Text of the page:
The Strange Case of Dr. Jekyll and Mr. Hyde Some of the most horrible crimes in the 20 th century, mostly ones that deal with one or mutable killings, were committed by people that were mentally unstable or unable to think or act reasonable unlike the rest of the people in the world. In other words, these people were considered insane. When it comes to these criminals being tried, the question comes up: is a punishment that would be regularly placed upon a sane criminal is proper and acceptable for an insane criminal Should the criminals be given leeway or less of a punishment because of the weakened condition of their mind These questions come up as a result of reading the book The Strange Case of Dr. Jekyll and Mr.
Hyde by Robert Louis Stevenson. My opinion on this subject is that I m against the punishment of criminals who are found to be insane. I think that at the current time period we are in, with all the medical advancements into the mind we have, criminals that are found insane shouldn t be punished the same as sane criminals. insane people have no control over their actions or behaviors; they can t be justified. I believe that insane felons need help mentally, and thus shouldn t be punished like sane felons.
... that he knows about the death of his father. Most insane people don't have the mind for that type of thing ... conclusion, Hamlet wasn't a person who was insane. He proved he was sane by finally getting revenge for his father. Hamlet ... question asked about him is whether or not he is sane or insane. Although the door seems to swing both ways many ...
The insane should still be kept away from the rest of the world but not kept in prison, rather a medical facility. In a medical facility the insane can be studied, so in the future mankind will have a deeper understanding to what is happening in the heads of the insane. This would be a better choice than putting them in prisons, as matters might get worse for the insane criminals. I fully believe in this action, but there are always exceptions to the rule. That s where the strange case of Dr. Jekyll and Mr.
Hyde comes in. The case of Dr. Jekyll and Mr. Hyde is one of weird circumstances.
From looking at the case through the perspective of Mr. Utterson or anyone of Jekyll servants through the book, one would conclude that Dr. Jekyll is insane and his actions as himself or as Mr. Hyde proves it. The constant mood swings Dr. Jekyll displayed through out the book before his death to his closest friends was very out of the ordinary.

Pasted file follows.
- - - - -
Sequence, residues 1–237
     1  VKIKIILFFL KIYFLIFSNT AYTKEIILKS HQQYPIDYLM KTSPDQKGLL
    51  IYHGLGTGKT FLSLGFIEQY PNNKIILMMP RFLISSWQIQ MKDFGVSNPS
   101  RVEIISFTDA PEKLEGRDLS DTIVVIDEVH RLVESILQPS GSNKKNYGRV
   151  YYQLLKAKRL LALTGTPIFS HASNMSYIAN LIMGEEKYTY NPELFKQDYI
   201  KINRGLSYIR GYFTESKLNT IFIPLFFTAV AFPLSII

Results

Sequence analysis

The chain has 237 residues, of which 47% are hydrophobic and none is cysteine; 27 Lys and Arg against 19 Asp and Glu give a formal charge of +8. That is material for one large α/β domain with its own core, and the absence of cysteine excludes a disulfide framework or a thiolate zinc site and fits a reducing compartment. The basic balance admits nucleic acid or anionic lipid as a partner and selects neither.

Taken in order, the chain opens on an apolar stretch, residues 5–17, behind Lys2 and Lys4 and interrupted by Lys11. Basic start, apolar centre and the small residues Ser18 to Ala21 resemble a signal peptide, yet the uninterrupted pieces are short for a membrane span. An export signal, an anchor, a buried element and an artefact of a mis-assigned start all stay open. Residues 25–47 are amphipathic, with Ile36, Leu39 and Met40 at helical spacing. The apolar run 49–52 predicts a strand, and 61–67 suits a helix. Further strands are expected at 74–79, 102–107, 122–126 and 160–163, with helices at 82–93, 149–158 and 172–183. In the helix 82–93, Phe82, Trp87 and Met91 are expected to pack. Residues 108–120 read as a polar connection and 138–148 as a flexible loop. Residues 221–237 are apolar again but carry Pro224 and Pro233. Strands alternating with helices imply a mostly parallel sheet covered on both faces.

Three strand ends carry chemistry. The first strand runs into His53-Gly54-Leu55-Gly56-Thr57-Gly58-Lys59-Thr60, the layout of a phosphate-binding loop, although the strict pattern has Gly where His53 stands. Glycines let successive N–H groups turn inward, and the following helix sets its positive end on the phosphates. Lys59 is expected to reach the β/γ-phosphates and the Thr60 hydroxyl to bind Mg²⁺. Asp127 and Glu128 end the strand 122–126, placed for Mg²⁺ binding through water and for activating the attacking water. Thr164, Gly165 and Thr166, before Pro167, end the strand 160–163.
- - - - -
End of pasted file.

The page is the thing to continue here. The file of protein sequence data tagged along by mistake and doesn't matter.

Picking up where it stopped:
Before his death, Dr. Jekyll locked himself in his laboratory for over a week only giving Poole orders to find a type of salt. When under his second identity as Mr. Hyde, Dr.
Jekyll would without reason burst into violent tantrums, to the point where he clubbed a man to death. All of these signs I mentioned point to the mental unstableness of Dr. Jekyll. But the book isn t called the strange case of Dr. Jekyll and Mr. Hyde for nothing.
As I said before, looking at all the incidents from Mr. Utterson s perspective; the evidence is rock hard that Dr. Jekyll is insane. Without a shadow of a doubt I believe Dr.
Jekyll is insane too, but I believe he is an exception to my belief that insane criminals shouldn t be punished the same as sane criminals. The reason is because he had total control over his actions. If you were to look at the case of Dr. Jekyll and Mr. Hyde through Dr. Jekyll s perspective, it is clear that he is an exception to the rule.
In the letter addressed to Mr. Utterson after his death, Dr. Jekyll states that as Mr. Hyde he found fun and pleasure in the violence he committed. The fact of the matter was that Dr. Jekyll was never mentally unstable when changed to Mr.
Hyde; the change was only physical. He was in a struggle of two different people, but had the same mind. Unlike insane criminals that crimes were out of their control and understanding, Dr. Jekyll was just a sick man as Mr. Hyde and knew what he did was bad and still did it.
... tragic end when his evil self, Hyde, overpowers Dr. Jekyll; thus, eventually causing Dr. Jekyll's death. Robert Louis Stevenson builds up to ... responsibility and loyalty towards Dr. Jekyll, regardless of the fact that he believes Dr. Jekyll is insane and "wrong in the mind ... the mystery behind the identity of Hyde. In Henry Jekyll's Full Statement of the Case, Jekyll explains the duality of human nature ...
That is why I think Dr. Jekyll should be punished the same as sane criminals. I believe that crimes committed by insane criminals cannot be justified because of the insane persons understanding of the matter. It isn t fair to give the same punishment to these insane people as it would for a sane person. There are always exceptions though, as The Strange Case of Dr. Jekyll and Mr.